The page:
SMART & FINAL URGES SOCIAL EFFORT

COLORADO SPRINGS, Colo. -- Food retailers and wholesalers face tough challenges from crime and other social problems and need to play a bigger role in improving the lot of their employees and their communities, according to Roger Laverty 3d, president and chief executive officer of Smart & Final Stores, Vernon Calif.Laverty, speaking as a member of a panel here, said his company has made a commitment

COLORADO SPRINGS, Colo. -- Food retailers and wholesalers face tough challenges from crime and other social problems and need to play a bigger role in improving the lot of their employees and their communities, according to Roger Laverty 3d, president and chief executive officer of Smart & Final Stores, Vernon Calif.

Laverty, speaking as a member of a panel here, said his company has made a commitment to remain an anchor in troubled neighborhoods and to make employees feel integral to the organization. Smart & Final operates more than 140 grocery warehouse stores in California, Arizona and Nevada -- many in inner-city locations.

"The workplace is part of society, and, if I have any major criticism of our industry, it is that we haven't taken the responsibility as employers to deal with this," he said. "We haven't provided the training and development to help people grow with us. Then we cry that the Federal government is trying to force it down our throats."

Laverty was one of a four-member panel that addressed issues ranging from crime to immigration and health care. The program took place at the Midyear Executive Conference of the National-American Wholesale Grocers' Association, held here recently. Other panel members were Gerald Austin, executive vice president of operations, Fleming Cos., Oklahoma City; Vernon Briggs Jr., a labor economist at Cornell University, and Reed Tuckson, a physician and president of Charles Drew University of Medicine and Science. The moderator was Arthur Miller, a professor at Harvard Law School. Laverty stressed that employers have a responsibility to identify potentially violent workers by screening before hire for drugs, alcohol and psychological problems, and testing during employment, under certain circumstances. Companies should also ask associates to report problems with workers on the job, he added.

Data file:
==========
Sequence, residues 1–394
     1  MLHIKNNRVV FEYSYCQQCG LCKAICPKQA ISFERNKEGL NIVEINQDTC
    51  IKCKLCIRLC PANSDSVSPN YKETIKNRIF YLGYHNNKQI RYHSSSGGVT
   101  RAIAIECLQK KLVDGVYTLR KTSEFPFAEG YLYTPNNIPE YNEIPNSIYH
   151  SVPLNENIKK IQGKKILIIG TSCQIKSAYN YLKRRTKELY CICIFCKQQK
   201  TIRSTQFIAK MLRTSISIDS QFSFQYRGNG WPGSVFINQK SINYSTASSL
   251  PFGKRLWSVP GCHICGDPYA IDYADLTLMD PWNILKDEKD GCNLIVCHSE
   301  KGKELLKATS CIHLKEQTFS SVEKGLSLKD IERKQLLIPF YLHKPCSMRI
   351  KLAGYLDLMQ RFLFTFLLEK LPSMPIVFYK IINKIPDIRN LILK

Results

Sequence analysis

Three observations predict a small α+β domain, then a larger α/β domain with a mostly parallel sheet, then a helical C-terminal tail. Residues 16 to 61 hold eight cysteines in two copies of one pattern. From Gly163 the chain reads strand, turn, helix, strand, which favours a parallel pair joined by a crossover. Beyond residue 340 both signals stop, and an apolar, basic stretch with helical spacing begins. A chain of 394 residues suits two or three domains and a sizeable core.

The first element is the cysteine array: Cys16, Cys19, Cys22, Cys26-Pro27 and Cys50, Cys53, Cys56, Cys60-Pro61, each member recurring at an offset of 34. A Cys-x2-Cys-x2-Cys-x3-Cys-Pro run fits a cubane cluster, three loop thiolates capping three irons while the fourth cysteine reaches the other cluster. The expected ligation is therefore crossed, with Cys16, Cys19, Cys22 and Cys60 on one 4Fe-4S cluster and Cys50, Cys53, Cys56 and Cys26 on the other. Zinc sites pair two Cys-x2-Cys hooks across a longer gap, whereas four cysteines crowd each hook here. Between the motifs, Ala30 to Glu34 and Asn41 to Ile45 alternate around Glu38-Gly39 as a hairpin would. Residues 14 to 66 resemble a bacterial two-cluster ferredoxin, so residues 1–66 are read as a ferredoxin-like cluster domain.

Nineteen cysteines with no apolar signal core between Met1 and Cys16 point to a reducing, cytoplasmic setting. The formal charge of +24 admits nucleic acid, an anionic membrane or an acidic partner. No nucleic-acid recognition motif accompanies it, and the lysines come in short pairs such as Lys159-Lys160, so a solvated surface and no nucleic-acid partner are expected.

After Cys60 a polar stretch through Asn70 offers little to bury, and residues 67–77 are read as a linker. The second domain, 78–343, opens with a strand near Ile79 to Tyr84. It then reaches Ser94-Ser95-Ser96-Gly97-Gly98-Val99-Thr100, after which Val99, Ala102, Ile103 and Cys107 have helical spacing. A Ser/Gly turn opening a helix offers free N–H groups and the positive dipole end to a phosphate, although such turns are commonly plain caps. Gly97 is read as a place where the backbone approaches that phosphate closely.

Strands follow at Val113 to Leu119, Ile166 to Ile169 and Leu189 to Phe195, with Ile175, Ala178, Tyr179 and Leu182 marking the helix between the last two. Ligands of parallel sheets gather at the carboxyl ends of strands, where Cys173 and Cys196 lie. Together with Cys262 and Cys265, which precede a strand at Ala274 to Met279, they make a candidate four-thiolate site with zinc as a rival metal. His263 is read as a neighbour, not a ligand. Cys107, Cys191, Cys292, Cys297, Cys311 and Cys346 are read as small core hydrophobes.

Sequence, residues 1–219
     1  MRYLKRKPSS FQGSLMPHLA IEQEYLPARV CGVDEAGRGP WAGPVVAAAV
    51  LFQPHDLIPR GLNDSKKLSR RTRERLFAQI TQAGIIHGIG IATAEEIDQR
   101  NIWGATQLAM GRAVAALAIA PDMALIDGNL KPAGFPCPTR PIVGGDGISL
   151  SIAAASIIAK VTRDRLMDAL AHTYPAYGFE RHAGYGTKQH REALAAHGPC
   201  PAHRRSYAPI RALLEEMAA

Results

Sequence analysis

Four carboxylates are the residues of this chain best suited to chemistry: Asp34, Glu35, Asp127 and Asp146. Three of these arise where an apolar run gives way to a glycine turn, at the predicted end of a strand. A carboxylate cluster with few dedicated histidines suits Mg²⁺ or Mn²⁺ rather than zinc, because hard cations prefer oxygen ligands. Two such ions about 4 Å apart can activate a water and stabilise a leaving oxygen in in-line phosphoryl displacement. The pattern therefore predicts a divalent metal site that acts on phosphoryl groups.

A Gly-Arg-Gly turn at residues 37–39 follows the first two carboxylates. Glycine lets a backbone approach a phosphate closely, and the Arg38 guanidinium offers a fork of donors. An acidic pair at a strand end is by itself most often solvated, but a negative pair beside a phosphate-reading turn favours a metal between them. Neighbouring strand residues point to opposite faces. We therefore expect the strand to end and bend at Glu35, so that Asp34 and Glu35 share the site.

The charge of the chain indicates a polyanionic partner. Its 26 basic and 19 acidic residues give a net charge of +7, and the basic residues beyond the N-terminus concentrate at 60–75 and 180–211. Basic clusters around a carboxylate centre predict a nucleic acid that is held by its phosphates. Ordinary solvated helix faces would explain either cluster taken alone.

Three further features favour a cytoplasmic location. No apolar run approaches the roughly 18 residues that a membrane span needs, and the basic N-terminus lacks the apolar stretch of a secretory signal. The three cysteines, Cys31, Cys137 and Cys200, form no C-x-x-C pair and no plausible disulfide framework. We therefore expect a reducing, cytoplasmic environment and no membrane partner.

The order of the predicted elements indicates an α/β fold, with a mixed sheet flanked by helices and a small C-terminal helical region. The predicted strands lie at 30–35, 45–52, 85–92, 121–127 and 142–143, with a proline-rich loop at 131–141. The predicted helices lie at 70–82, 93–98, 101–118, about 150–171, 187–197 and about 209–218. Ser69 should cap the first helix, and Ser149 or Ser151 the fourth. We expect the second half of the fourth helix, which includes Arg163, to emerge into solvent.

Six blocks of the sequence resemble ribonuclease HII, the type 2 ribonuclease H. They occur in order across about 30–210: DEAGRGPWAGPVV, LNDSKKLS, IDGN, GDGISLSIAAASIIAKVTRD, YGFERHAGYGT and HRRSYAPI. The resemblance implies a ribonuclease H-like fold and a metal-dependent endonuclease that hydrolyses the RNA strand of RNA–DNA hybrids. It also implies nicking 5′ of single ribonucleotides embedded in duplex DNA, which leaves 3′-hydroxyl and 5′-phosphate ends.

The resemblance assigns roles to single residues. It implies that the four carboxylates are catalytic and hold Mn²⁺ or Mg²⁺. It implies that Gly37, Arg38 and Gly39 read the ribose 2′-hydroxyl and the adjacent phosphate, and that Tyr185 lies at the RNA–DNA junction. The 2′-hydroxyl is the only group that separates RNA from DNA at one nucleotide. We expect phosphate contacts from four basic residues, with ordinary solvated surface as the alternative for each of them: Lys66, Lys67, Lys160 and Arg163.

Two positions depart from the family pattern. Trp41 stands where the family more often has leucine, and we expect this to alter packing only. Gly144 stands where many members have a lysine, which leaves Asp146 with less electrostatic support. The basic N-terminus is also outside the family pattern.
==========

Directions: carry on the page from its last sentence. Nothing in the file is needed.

Top management, he added, needs to improve workplace conditions by getting involved in major problems like harassment. "We've seen significant changes since leaderships of companies took strong positions on sexual harassment and similar issues," he said. The biggest crime problem for Smart & Final is not with employees but with outsiders. The company has been victimized by 64 armed robberies in the past nine months, "mostly carried out by 16-year-olds with their latest 9-millimeter handgun," Laverty said. "The threat to our employees and customers seems to be growing exponentially."

The operator has been facing hard choices about its commitment to inner-city locations.

"Do we turn stores into armed camps with armed guards and risk shootouts," Laverty asked, "or do we turn over cash? Or do we not operate in those parts of the city that have a crying need for us -- the inner-city areas?

"We've taken the position that we'll continue to be partners in the revitalization of these areas."

Panel members expressed different views on the role of government in tackling crime and other social problems.

"Why does business fight public policies that try to help?" Cornell's Briggs asked. "Corporate America's answer is downsizing, which can cause fear and violence."

Fleming's Austin said government cannot address these problems as well as the private sector can.

"Business won't change all social problems overnight, but it can do it better than government," Austin said. "Many of the solutions should be local, not from Washington. This industry is very involved in education. Our company, for example, is involved with a science museum in our home town to help educate children."

Tuckson stressed that social problems can't be completely turned over to corporate America with a "single-bullet approach." Instead, he advocated major roles by government and business, with companies focusing on education and training in the workplace and in communities, he said.